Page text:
My Data Identity
A Bit About Me
I can say with full authority that I have worried about my online persona before. When I was younger, I didn’t like the idea of people who barely knew me seeing my life pasted all over social media. Now, my fears have moved into my professional life as I prepare to graduate. What would an employer see if they Googled me? Would it hurt my prospects? Will they have preconceived notions about who I am as a person? Perhaps, but probably not. I have always kept a lot of my life private. I would never post on Facebook and while my other social media accounts are associated with me, they are never connected to my full name. I have always been conscientious of my digital footprint and fearful that my adolescent personality or passions will haunt me in the future. The way the internet captures everything is scary and invasive, and I have worked hard to fight against it. Instead of my personal life, search inquiries will find the professional image I want them to see online. Although there are a few exceptions, it seems.
Upon searching my full name and nothing else, I found my LinkedIn as the fourth result. This was slightly suspicious, even on incognito mode, as my name is quite common. Following this thread, though, I found my carefully curated page. I have a brief summary, hidden profile photo and no descriptions for the array of positions I have held. I want people to know enough about me to be interested, but I feel strange saying too much about myself on this page since it is so accessible. That being said, my UX Portfolio is linked to this page where there is a lot to learn about me. In fact, it breaks many of the rules I set for myself regarding privacy. Within my website, I share my projects, resume and many of my hobbies. I will admit, I was hesitant about adding in this personal info, but I like the idea of curating exactly what someone knows about me online. I can only do this to a certain extent because a lot of data is collected without my permission. I also know that the world is only going to move more online, so I need to figure out ways to stay private by my own standards. I would much rather people find out I like to travel in my own words than allow them to snoop through my private study abroad Instagram that I shared only with close family and friends. They will hopefully feel satisfied that I gave in and shared information about myself and decide not to snoop further. However, if they do decide to do this, they may try some more specific searches related to my location or education.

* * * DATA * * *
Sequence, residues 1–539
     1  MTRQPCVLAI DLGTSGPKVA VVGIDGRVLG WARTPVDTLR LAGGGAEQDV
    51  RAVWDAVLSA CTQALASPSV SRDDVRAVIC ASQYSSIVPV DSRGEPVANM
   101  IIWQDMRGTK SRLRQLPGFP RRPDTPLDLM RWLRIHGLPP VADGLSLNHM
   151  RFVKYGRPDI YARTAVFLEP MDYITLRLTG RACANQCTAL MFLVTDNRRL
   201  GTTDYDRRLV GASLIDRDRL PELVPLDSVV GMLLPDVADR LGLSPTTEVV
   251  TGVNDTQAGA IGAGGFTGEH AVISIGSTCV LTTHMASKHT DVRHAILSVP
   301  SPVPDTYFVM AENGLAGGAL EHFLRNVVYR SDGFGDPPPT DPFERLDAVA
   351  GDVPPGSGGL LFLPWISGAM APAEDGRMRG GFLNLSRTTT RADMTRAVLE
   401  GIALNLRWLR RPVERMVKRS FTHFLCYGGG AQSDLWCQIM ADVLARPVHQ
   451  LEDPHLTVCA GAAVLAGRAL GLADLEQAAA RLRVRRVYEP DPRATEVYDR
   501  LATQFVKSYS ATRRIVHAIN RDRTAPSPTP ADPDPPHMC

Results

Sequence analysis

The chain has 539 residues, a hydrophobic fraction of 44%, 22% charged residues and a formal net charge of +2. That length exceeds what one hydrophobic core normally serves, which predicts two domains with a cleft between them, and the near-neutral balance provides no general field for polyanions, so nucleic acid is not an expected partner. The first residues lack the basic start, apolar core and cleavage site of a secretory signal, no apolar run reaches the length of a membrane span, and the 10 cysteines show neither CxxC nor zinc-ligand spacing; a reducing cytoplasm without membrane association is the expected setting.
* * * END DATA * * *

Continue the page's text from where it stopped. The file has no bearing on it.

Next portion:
‘Julie Palmer Ann Arbor’
Following this new search query, I was once again able to find my LinkedIn as the first result. This was not surprising and also reassuring to know. I was also able to find my Behance and a link to a local magazine I work for, nothing for me to worry about. My least favorite portion of this search was easily when I came across my full home address as the third result. I realize this is true of many people due to things like WhitePages, but I do not enjoy how easy it is to find this information on me. I did not curate this information myself, which is a red flag to someone who cares about privacy.